July 2019
Volume 60, Issue 9
Open Access
ARVO Annual Meeting Abstract  |   July 2019
Latent growth modelling of refractive error development in white children & young adults
Author Affiliations & Notes
  • Sara Jayne McCullough
    Optometry & Vision Science, Ulster University, United Kingdom
  • Gary Adamson
    School of Psychology, Ulster University , United Kingdom
  • Lesley Doyle
    Optometry & Vision Science, Ulster University, United Kingdom
  • Kathryn Saunders
    Optometry & Vision Science, Ulster University, United Kingdom
  • Footnotes
    Commercial Relationships   Sara McCullough, None; Gary Adamson, None; Lesley Doyle, None; Kathryn Saunders, None
  • Footnotes
    Support  College of Optometrists, London, UK
Investigative Ophthalmology & Visual Science July 2019, Vol.60, 5841. doi:
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      Sara Jayne McCullough, Gary Adamson, Lesley Doyle, Kathryn Saunders; Latent growth modelling of refractive error development in white children & young adults. Invest. Ophthalmol. Vis. Sci. 2019;60(9):5841.

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      © ARVO (1962-2015); The Authors (2016-present)

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Abstract

Purpose : Population-based data on children’s eye growth are rare. This prospective, observational study modelled the developmental trajectory of spherical equivalent refraction (SER) and axial length (AL) in a white population to identify the number of homogenous classes present.

Methods : Stratified random cluster sampling recruited 1052 white children aged 6-7 years (n=391) and 12-13 years (n=661) (NICER Study). Cycloplegic autorefraction and AL were assessed at baseline and prospectively at 3, 6 and 9 year intervals. Latent growth modelling of SER and AL were conducted using Mplus v7.4. The fit of six models (one to six-class) were used to determine the best fit model for each cohort. Predictive variables for emergent classes were explored for the younger cohort (Odds ratios OR, confidence intervals CI).

Results : For the younger cohort (6-16 years): a four-class solution was the best fit for SER labelled as ‘Persistent Emmetropes-PEMM’, ‘Persistent Moderate Hyperopes-PMHYP’, ‘Persistent High Hyperopes-PHHYP’ and ‘Emerging Myopes-EMYO’ and a two-class solution fitted AL best (Fig 1 A&B). For the older cohort (12-22 years): a five-class solution was the best fit for SER, labelled as “PHHYP”, “PMHYP”, “PEMM”, “Low Progressing Myopes-LPMYO” and “Moderate Progressing Myopes-MPMYO” and a four-class solution fitted AL best (Fig 2A&B). Those in the EMYO class were significantly more likely to have a longer AL at baseline (OR 2.5, CI 1.05-5.97) and at least one myopic parent (OR 6.28, CI 1.01-38.93). Other variables were not predictive (Gender, socioeconomic status, physical activity, time spent outdoors, time spent doing near work, BMI, breastfed).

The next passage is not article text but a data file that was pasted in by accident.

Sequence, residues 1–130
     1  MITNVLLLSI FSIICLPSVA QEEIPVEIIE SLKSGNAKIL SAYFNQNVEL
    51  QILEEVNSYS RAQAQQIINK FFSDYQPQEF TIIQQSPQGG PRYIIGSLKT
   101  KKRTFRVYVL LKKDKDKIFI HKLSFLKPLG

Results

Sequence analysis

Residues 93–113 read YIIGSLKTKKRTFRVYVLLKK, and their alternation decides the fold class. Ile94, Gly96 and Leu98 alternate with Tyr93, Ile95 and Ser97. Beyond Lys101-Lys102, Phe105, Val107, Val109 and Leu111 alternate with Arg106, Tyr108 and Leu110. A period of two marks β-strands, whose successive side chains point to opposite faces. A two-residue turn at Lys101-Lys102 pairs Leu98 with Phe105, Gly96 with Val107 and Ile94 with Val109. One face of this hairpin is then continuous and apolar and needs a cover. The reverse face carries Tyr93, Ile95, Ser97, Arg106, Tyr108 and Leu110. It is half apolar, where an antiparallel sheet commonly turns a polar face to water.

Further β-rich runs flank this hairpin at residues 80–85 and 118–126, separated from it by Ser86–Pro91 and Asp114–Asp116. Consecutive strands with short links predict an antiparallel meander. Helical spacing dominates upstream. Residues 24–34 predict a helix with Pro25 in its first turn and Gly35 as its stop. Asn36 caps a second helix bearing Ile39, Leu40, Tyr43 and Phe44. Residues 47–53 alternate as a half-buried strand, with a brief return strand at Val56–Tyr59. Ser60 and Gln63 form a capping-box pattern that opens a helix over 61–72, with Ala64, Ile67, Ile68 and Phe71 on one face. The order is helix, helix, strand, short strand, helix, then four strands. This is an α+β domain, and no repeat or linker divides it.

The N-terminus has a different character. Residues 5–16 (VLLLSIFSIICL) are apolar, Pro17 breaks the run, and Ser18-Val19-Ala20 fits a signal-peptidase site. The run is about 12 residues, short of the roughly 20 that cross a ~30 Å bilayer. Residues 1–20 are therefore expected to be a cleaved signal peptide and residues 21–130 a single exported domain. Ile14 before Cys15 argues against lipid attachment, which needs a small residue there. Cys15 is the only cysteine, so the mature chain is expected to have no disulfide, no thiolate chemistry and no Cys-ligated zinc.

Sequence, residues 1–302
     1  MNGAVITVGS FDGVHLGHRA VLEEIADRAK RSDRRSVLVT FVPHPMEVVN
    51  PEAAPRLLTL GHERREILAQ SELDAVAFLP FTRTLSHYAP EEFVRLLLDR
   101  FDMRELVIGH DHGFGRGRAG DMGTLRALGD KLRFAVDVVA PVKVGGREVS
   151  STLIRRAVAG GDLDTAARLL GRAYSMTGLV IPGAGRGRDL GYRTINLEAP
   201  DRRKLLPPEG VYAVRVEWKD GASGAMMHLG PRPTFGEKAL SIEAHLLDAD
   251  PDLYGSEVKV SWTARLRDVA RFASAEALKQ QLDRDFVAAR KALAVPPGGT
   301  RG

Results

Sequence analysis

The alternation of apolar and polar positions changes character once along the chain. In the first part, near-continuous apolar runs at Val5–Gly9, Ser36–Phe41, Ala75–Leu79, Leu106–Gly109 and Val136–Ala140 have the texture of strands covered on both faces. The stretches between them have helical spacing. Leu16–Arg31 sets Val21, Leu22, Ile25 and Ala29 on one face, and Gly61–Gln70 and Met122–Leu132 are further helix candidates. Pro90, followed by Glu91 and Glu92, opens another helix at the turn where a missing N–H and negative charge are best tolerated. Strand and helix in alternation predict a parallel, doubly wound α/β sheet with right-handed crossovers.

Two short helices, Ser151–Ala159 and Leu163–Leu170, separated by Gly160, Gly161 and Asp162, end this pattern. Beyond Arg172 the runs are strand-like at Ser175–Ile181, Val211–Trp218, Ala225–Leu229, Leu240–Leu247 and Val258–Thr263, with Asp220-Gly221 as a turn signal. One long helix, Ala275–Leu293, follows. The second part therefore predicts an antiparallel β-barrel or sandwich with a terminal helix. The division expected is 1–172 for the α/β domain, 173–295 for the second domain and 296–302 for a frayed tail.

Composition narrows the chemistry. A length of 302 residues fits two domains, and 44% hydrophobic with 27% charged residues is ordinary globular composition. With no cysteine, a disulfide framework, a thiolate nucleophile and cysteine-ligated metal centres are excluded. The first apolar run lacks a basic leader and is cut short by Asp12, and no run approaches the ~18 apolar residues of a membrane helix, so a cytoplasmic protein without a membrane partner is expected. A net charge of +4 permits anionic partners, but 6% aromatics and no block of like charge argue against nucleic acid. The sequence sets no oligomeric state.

Conclusions : Four distinct classes of refractive development from childhood to teenage years were evident and five distinct classes from teenage years into adulthood. The two-class solution for AL growth in children 6-16 years (compared to four-class for SER) suggests other ocular components, such as lens shape are important determinants of SER alongside AL. Parental history of myopia and longer AL at 6-7 years are risk factors for emergent myopia. These population-based data (not derived from clinical trial control data) are a useful addition to other refractive growth models and can be used to identify, at an early stage, white children who may benefit from myopia intervention.

This abstract was presented at the 2019 ARVO Annual Meeting, held in Vancouver, Canada, April 28 - May 2, 2019.

 

Fig 1A&B. SER & AL growth models, 6-16 years

Fig 1A&B. SER & AL growth models, 6-16 years

 

Fig 2A&B. SER & AL growth models, 12-22 years

Fig 2A&B. SER & AL growth models, 12-22 years

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